What Corey and Lisa said. Why make an issue out them talking about their daughter's wedding? Maybe they are just pleased and happy and like talking about it.

Anonymous said...

My brother had an amazing wedding in a flower garden overlooking the bay. His friend sang a song he had written for the occasion, and the food was a lovely "upscale-picnic" in the park by waterside. While some traditionalists at first made comments about it not being in a church and not having a traditional sit-down dinner, now we all reminisce about how it was one of the loveliest weddings we have been to!

Also you can cut corners and not lose quality by avoiding those bizarre wedding stores. If you can find a dress you like (and some for your bridesmaids) in the department store or a small boutique then you are avoiding a real racket!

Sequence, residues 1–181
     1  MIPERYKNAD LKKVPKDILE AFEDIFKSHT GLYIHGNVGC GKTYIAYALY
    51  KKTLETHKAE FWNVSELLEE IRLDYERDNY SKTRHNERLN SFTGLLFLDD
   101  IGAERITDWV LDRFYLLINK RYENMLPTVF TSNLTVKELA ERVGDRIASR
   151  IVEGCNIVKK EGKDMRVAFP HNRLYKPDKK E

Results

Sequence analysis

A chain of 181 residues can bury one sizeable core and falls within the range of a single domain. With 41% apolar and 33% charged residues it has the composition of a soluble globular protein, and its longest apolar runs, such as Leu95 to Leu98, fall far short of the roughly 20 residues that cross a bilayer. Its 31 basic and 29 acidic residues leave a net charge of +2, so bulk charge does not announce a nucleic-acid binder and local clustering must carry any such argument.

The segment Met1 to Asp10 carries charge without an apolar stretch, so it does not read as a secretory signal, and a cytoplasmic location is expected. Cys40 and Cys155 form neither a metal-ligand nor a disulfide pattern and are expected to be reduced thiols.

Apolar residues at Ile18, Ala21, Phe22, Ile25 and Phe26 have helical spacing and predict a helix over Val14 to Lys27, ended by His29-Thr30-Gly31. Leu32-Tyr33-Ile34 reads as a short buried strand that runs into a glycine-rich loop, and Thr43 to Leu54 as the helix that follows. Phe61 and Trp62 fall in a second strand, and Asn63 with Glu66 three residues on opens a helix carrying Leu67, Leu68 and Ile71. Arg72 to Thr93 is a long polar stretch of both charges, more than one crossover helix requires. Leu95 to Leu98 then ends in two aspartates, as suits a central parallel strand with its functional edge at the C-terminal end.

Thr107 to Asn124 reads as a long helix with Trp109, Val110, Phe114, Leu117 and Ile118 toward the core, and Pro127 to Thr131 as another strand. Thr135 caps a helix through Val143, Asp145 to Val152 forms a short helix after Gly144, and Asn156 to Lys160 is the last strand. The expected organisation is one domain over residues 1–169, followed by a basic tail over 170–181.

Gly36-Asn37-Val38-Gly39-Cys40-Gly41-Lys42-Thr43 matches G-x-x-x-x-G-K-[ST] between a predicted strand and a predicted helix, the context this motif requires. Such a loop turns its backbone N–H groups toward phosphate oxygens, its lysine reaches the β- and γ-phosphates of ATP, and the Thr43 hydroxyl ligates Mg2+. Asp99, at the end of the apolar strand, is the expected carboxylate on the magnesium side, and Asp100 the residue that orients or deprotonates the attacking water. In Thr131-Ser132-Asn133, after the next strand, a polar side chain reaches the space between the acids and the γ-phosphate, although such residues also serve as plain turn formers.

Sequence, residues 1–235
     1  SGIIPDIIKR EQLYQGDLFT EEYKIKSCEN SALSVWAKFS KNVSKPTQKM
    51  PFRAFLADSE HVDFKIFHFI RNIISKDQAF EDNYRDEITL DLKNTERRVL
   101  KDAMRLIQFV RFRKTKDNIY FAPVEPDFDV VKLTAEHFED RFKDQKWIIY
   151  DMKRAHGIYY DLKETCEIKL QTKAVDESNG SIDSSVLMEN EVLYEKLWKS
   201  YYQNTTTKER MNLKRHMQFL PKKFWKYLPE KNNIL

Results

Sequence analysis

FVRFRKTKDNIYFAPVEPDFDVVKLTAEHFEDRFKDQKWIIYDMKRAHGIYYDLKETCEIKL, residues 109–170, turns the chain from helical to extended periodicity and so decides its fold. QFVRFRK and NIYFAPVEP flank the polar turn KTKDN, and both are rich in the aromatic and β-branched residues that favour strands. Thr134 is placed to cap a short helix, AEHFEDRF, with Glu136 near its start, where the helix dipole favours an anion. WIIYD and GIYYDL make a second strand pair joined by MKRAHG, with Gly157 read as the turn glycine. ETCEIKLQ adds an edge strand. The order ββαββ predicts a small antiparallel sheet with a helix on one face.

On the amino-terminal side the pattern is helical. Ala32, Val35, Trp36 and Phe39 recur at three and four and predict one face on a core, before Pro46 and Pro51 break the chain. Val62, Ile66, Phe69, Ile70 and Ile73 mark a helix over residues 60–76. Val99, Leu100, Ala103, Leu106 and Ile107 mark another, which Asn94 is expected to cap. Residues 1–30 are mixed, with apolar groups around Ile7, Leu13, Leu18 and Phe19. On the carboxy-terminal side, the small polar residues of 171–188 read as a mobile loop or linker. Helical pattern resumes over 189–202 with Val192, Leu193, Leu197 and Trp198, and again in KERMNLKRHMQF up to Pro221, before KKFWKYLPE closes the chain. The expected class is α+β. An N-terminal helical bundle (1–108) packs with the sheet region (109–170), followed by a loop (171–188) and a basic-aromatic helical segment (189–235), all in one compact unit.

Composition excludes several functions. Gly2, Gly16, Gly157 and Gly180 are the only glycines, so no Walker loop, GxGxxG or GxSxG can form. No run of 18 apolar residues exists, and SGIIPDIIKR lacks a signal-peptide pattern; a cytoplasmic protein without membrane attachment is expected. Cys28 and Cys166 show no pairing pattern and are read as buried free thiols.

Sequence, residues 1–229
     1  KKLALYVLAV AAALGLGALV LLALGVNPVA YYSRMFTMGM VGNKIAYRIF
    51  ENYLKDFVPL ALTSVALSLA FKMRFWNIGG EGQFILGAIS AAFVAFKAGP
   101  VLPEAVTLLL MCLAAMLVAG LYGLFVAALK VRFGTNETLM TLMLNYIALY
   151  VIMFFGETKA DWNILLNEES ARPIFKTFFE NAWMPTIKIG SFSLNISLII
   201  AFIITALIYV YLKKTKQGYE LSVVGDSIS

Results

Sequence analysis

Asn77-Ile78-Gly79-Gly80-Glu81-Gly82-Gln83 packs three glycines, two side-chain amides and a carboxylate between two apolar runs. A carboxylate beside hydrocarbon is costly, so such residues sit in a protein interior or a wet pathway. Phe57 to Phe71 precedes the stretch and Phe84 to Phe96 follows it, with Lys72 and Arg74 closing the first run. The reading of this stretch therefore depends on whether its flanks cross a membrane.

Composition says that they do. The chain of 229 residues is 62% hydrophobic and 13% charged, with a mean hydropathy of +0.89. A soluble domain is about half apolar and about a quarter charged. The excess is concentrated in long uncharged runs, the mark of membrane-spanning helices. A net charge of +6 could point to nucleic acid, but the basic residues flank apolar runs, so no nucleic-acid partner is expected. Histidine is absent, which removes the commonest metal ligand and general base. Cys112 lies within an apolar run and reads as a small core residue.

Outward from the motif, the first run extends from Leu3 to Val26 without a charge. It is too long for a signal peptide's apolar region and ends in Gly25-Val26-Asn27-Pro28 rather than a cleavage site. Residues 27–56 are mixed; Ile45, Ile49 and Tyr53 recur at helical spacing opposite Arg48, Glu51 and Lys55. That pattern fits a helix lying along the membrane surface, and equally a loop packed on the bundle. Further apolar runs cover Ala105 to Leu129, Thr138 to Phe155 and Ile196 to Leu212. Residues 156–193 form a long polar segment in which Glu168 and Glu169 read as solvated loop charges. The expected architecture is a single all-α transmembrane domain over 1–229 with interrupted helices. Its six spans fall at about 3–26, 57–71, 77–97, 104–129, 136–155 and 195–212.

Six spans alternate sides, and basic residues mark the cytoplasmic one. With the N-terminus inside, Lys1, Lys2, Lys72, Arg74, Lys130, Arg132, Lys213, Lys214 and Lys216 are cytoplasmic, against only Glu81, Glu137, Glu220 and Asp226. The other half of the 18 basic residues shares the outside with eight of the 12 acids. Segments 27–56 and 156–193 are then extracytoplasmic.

I agree that you should NOT be confronting the parents, it should be the job of your hubby-to-be, and he should be confident enough to present it as HIS decision as much as yours. Men can be notorious wet noodles when it comes to confronting their parents (especially moms!).

Also I must agree that you should set the ground rules now, but in a way that is firm but tactful. Say nothing personal, heck, even pretend you are agree with them about the monogrammed napkins but then just do it your way!

Be prepared for a blowup or two (possibly involving you, your fiance, and/or your/his parents). There is always one, just because of the natural stress of a wedding. But it is always forgotten when the moment comes. Believe me on the day of the wedding no one cares about the napkins!

Good luck.